Given enough time, sea otters could eventually make their way back to the Oregon coast.

The alternative would be an active reintroduction. Unlike the failed translocation of sea otters from Alaska, a modern attempt to reestablish sea otters would need to be more deliberate than simply dropping them off the Oregon coast and wishing them well. One of the key questions scientists are grappling with is where the source population of these otters might come from – the California sea otters or the northern population – and how they might be compatible with Oregon’s coastal habitat.

Dom has been diving into this issue. 

“The assumption there is that one of the subspecies, either northern or southern, may be better suited to live on the Oregon coast, based off of genetics and which type of habitat they’re more used to. But if we actually look at the previous genetic studies that have been done on archeological remains of sea otters in shell middens along the Oregon coast, we find that there is more of a genetic gradient — there are both types of genes that originated from the northern and southern populations. So it’s hard to tell whether or not, based off the genetics, that either one would be better suited to live on the Oregon coast just because there are some mixed results in the literature. But there could potentially be an argument for introducing otters that are more used to types of habitat features or environmental conditions that we find in that source population,” Kone states.

However, before the mechanics of a reintroduction can be discussed, a comprehensive feasibility study must be completed first. This study would take a look at the overall impact a reintroduction would have on coastal ecosystems, economies, and communities. 

And what conflicts might arise.
Bailey explains, “There are some of the current ocean users who would be concerned about reintroducing sea otters. Sea otters feed on shellfish, and if sea urchins are available, that is their preferred diet. But there are commercial urchin divers on the south coast, who may likely be concerned about sea otters showing up and taking what they now catch. Similarly, the crabbers might be concerned because sea otters eat crab.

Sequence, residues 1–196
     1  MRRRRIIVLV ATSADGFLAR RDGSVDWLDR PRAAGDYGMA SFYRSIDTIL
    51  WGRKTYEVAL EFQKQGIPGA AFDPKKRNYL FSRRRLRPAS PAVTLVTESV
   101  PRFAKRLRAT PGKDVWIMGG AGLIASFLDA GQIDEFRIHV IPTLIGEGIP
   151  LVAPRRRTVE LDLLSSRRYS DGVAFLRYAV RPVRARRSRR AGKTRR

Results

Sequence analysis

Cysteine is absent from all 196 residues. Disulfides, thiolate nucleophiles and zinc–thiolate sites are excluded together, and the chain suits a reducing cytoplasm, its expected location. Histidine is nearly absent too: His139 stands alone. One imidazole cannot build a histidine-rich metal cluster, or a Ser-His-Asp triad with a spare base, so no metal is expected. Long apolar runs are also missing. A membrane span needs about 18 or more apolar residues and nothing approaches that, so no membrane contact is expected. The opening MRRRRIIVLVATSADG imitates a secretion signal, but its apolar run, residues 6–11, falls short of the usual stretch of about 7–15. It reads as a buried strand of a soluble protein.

As is the case with any reintroduction of a native species back to its historical ecosystem, there is a lot of work to be done to engage local communities that may be impacted by their return. While it’s still unknown just how much sea otters could affect the various commercial and recreational fisheries, opening the lines of communication will be vital as this process moves forward. 

It’s still unclear just what the future holds for sea otters in Oregon. But what we do know is that the public has an important role to play. 

“For the public, they are stakeholders themselves, and their opinions, their values do matter, and their voice and their opinions are something that managers are interested in hearing about. I think the general public has a great potential to be advocates, whether or note they are in favor or oppose a sea otter reintroduction,” adds Kone. 

 “We are facing all sorts of challenges, risks and losses, not just of our economically important species, but the collapse of food chains. And when you’re facing those sorts of risks or challenges it’s always best to look toward bolstering, reinforcing that resilience of those communities and habitats. Hopefully the public sees a value in understanding that, learning more about it, and through that will lend their support to sea otter reintroduction as a way of building resilience against climate change effects and general losses of habitat and resources populations,” Kentta explains.

Success may also require thinking on a longer timeline.

Hatch concludes, “Sea otters have only been gone from Oregon for the blink of an eye, they’ve been gone since a few years before my grandfather was born and my hope is that by the time I have grandchildren they’ll be able to go to Port Orford or Cape Arago and see sea otters playing off the coast just as my ancestors always had. I think it’s important we don’t get overburdened by the daily and yearly challenges that we face in conserving our natural resources, and begin to think multi-generationally about the things we want our grandchildren to experience.”